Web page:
New system at O’Fallon church brings crystal clear sound to those with hearing loss

Staff writer

When Tom Goller began to lose his hearing, he says it took a toll on his spiritual life. Attending Mass at St. Nicholas Roman Catholic Church in O’Fallon, he often couldn’t hear what was going on, or catch the nuances of the readings or the homily.

“Father Bill (Msgr. William Hitpas) might say something and everyone would chuckle, and I’d wonder what I’d missed,” Goller says.

Switching to a hearing aid helped, but it magnified everything around him – crowd noises, coughs, crying babies.

Now, when Goller enters the sanctuary, he reaches up to his hearing aid, presses a tiny button, and “I can hear super clearly. It removes all the background noise and it’s like you can hear Father speaking to you personally.

“It’s pure heaven.”

The difference is a new system at St. Nicholas that customizes sound levels to users’ own hearing aid prescriptions. The “induction loop system” is unobtrusive – literally a large loop of copper wire under the carpeting that surrounds the pews, enabling users to sit anywhere in the church they like.

The loop creates a very mild magnetic field that connects users to a broadcast of whatever comes through the church’s microphones, including lectors, musicians and the priest, says Anne Byrnes, an audiologist and parishioner at St. Nicholas who proposed the system to church leaders. In addition, it muffles background noise during Mass.

Byrnes says the signal is available to anyone whose hearing aid contains a telecoil, which is now found in 60 to 70 percent of hearing aids on the market. Those who don’t have hearing aids also can receive the signal by using a headset provided by the church.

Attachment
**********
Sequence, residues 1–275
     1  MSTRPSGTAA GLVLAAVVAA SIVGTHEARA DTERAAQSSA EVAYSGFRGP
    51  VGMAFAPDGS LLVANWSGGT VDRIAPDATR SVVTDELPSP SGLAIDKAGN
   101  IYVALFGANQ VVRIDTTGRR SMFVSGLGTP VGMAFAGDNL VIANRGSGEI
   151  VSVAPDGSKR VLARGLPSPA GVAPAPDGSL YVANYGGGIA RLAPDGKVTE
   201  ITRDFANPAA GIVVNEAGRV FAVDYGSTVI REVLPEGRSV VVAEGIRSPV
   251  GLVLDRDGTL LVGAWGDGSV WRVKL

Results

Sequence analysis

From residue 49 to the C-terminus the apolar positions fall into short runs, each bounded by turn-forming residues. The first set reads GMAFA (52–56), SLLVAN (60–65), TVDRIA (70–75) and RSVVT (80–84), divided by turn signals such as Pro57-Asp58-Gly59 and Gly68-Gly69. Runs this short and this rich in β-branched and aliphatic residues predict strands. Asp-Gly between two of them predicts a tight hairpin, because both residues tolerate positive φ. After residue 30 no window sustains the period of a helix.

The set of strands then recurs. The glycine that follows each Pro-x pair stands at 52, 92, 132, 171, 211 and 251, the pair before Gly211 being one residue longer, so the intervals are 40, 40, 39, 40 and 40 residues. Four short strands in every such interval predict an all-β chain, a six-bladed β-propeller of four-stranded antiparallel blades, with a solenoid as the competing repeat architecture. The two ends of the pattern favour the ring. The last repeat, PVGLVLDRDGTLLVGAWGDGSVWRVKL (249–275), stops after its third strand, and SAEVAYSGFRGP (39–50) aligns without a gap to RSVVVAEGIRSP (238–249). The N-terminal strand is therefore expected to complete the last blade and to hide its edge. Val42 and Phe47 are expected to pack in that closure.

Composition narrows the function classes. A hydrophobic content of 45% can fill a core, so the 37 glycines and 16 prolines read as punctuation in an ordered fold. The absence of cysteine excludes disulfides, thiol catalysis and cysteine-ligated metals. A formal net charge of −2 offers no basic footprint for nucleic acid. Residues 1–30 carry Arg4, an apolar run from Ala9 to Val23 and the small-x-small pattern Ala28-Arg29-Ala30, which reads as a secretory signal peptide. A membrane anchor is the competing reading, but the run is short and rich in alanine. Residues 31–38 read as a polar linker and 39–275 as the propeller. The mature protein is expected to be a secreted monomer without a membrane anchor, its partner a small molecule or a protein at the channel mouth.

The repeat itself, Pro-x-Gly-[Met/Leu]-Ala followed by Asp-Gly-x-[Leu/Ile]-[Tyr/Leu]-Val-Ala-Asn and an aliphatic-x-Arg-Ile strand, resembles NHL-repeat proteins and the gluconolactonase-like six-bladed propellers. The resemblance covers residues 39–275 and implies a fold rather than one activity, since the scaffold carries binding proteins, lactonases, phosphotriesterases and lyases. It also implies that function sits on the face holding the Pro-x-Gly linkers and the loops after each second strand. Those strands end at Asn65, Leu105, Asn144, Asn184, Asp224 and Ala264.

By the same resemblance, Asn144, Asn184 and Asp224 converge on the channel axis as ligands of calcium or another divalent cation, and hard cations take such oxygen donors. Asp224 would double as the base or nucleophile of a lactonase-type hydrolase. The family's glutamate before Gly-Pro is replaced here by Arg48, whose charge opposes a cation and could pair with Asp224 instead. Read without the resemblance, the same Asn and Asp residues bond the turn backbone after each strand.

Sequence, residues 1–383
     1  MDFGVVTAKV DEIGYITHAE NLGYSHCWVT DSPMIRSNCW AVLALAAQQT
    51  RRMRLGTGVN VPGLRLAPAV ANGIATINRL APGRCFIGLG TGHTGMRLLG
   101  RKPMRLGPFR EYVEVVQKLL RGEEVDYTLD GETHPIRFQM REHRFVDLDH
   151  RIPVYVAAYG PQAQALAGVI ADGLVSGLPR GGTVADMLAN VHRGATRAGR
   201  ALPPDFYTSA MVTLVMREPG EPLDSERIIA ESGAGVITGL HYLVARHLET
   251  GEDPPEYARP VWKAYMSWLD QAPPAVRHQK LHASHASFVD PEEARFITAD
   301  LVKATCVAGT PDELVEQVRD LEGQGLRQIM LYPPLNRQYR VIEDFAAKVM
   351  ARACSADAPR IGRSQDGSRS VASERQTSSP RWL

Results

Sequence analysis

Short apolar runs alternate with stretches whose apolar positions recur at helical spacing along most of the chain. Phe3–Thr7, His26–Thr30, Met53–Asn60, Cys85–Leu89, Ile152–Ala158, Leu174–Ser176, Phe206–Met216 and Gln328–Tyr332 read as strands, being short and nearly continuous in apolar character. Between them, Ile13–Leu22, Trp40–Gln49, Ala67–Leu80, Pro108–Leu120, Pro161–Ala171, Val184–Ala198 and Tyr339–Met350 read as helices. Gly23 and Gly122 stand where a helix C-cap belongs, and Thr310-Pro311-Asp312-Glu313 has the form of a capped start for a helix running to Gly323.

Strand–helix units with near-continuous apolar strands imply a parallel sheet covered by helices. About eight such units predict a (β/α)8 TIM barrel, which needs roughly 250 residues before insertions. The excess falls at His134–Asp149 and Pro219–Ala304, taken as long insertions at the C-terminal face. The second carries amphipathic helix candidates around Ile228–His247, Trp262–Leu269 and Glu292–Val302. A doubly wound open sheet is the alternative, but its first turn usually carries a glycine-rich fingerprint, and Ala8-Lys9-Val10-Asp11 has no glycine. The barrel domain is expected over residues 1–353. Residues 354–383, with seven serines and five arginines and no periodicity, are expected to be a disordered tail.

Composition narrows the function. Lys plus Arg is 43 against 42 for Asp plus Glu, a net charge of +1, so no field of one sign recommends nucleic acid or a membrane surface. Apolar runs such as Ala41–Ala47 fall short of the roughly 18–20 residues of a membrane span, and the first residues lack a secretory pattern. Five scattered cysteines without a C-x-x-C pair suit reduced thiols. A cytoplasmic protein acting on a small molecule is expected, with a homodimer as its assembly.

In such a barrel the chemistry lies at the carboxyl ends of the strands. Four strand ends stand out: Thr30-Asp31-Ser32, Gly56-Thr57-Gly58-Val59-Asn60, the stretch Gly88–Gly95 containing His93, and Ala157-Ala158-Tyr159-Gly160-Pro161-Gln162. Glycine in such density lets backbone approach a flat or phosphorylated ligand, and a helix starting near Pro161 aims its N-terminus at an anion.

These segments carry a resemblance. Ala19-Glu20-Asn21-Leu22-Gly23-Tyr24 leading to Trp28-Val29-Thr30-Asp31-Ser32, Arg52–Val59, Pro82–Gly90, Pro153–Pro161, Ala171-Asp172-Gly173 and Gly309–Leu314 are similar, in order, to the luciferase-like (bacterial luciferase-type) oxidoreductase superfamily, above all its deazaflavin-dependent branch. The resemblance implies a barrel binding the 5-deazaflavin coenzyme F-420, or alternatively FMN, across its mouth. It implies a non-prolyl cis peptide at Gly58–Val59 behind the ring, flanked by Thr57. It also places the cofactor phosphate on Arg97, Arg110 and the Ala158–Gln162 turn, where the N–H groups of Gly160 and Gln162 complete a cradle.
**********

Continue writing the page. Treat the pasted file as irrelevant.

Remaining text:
It’s hard to know how many parishioners at St. Nicholas are using the system, since they can access it so discreetly, says Ann Daniels, who is business administrator for the church. Goller estimates that at least a dozen people he knows have started using it since the church installed it in January.

Daniels says the church previously had a different type of system, one that used an FM radio transmitter and required users to wear headsets attached to receivers. However, it did nothing about background noise, and some people were uncomfortable using the headsets. Goller was one of them.

“I was too vain,” he admits. “I didn’t want to be known as the deaf guy.” He notes that many users also didn’t like the headsets because the noise from them could be heard by people around them.

When the new system was introduced, he went to his doctor to determine whether his hearing aid had the necessary telecoil. It did, and Goller said it took only a few minutes to activate it. Because it works through his own hearing aid, it’s calibrated to his hearing prescription.

The system also works with cochlear implants and Byrnes says it can be used with the headsets for children or adults with attention difficulties, since it focuses the listener’s attention on the microphones. Daniels notes that people who need a headset can use their own ear buds with the device instead.
Goller says being able to hear clearly has brought him more fully into Sunday worship.

“The music coming through the microphone is so sweet, and hearing the Eucharistic Prayer is just wonderful,” he says. “It’s enhanced my prayer life totally.”
He says he’s heard of parishioners bringing parents back to church who hadn’t attended in years because they couldn’t hear well. “And they’re part of the Mass now.”

Daniels says she’s also gotten calls from people outside the parish interested in attending because they heard about the loop system. A sign posted in the church informs visitors that the system is available.

The new system was more expensive than the old one – about $13,000, compared with about $2,500-$4,000 for an FM system, Daniels says. But she says St.
Nicholas’ parish council never hesitated, once they realized what an improvement it would make in the experience of its parishioners with hearing loss.

The only holdup was waiting until the church was ready to put in new carpeting. Installing the system required them to cut a slot in the cement floor of the church, insert the loop and seal it in.

But Byrnes says the loop should last as long as the floor does, meaning it’s an investment that will pay off for parishioners for years to come.

Anyone interested in learning more about how to use hearing loop technology in their own church can contact Ann Daniels, business administrator for St. Nicholas Catholic Church, at 618-632-1797 or [email protected]

Funding for this story was provided by The Wilke Family Fund.